If an interface has no direct superinterfaces, then the interface implicitly declares a public abstract member method m with signature s, return type r, and throws clause t corresponding to each public instance method m with signature s, return type r, and throws clause t declared in Object, unless a method with the same signature, same return type, and a compatible throws clause is explicitly declared by the interface. It is a compile-time error if the interface explicitly declares such a method m in the case where m is declared to be final in Object.
The above simply says all interface methods are implicitly public and abstract, if you want defult access you might have to change some compiler code.
Mostly because an interface is supposed to represent a single concept or functionality. If you've got multiple protection levels, then in some sense you've got at least two concepts.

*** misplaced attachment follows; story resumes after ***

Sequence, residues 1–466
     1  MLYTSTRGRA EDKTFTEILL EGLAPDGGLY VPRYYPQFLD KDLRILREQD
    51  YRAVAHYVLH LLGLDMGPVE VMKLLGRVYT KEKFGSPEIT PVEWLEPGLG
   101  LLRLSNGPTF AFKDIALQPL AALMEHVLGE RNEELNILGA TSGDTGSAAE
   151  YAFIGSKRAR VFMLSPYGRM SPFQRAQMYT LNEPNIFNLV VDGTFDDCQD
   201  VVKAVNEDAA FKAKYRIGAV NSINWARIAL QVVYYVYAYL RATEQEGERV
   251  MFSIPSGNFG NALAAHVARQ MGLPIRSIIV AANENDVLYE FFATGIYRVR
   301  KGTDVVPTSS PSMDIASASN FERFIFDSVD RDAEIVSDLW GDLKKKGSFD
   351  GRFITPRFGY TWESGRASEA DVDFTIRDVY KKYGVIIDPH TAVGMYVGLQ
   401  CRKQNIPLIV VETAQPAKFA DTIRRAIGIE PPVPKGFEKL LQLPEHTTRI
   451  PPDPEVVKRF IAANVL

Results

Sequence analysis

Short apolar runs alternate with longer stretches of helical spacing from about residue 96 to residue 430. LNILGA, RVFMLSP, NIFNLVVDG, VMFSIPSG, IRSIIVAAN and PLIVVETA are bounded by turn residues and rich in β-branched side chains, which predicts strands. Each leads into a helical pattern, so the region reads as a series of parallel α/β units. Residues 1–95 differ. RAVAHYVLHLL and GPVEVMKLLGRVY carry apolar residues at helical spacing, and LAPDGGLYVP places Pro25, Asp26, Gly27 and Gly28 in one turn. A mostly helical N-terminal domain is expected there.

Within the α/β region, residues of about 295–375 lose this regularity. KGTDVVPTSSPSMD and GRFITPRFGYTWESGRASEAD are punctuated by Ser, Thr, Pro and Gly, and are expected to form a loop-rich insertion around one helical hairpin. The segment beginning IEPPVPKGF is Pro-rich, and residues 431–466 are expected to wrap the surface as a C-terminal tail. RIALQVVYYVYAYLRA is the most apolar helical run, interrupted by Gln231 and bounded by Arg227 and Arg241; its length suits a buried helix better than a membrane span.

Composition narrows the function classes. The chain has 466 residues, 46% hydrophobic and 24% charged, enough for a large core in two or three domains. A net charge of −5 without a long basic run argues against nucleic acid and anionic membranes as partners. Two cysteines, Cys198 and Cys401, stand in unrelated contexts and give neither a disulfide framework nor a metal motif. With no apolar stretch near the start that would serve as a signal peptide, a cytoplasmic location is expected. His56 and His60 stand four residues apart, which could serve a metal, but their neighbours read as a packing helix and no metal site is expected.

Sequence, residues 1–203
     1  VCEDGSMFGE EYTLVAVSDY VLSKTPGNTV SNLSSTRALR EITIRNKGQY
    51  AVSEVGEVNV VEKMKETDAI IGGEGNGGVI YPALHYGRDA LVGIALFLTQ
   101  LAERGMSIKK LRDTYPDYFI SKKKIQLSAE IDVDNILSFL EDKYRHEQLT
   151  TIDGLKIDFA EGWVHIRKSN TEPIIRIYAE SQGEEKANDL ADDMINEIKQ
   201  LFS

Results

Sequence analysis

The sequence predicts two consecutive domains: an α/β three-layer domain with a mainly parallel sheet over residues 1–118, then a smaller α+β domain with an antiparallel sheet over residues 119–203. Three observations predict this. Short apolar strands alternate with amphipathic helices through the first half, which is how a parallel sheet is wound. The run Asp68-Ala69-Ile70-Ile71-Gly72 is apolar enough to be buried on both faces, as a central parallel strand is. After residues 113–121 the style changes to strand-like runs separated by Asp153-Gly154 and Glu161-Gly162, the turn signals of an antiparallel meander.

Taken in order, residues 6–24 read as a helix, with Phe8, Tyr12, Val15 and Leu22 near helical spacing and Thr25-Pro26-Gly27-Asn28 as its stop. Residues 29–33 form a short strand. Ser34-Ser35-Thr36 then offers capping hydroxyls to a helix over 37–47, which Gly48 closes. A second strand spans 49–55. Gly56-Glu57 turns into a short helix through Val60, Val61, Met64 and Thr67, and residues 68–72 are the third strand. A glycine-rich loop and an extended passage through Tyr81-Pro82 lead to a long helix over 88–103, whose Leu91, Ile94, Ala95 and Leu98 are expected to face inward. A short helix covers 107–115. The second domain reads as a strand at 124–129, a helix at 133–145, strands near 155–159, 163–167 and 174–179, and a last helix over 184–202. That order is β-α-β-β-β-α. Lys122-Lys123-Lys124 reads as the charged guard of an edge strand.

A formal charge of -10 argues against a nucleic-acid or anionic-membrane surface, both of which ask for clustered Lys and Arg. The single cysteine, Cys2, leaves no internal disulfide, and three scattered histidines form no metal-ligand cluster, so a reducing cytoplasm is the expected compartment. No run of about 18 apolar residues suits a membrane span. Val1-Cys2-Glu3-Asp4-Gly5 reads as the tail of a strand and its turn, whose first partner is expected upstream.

Note that although interface methods have to be public, neither the interface nor the classes that implement it have to be public. If you have package-protected classes that implement a package-protected interface, then those public methods really aren't accessible outside of the package. So what you can do is split your interface into a public one and a package-level one, and have your implementation classes be package-protected and handed out using a factory, if necessary, so that code outside your package can only see the public interface part of the class.
The above simply says all interface methods are implicitly public and abstract
Although all interface methods are implicitly public and abstract, this passage says nothing of the sort. What this passage says is that interfaces implicitly include declarations of the set of public instance methods of java.lang.Object. True, and good, but utterly unrelated to this question.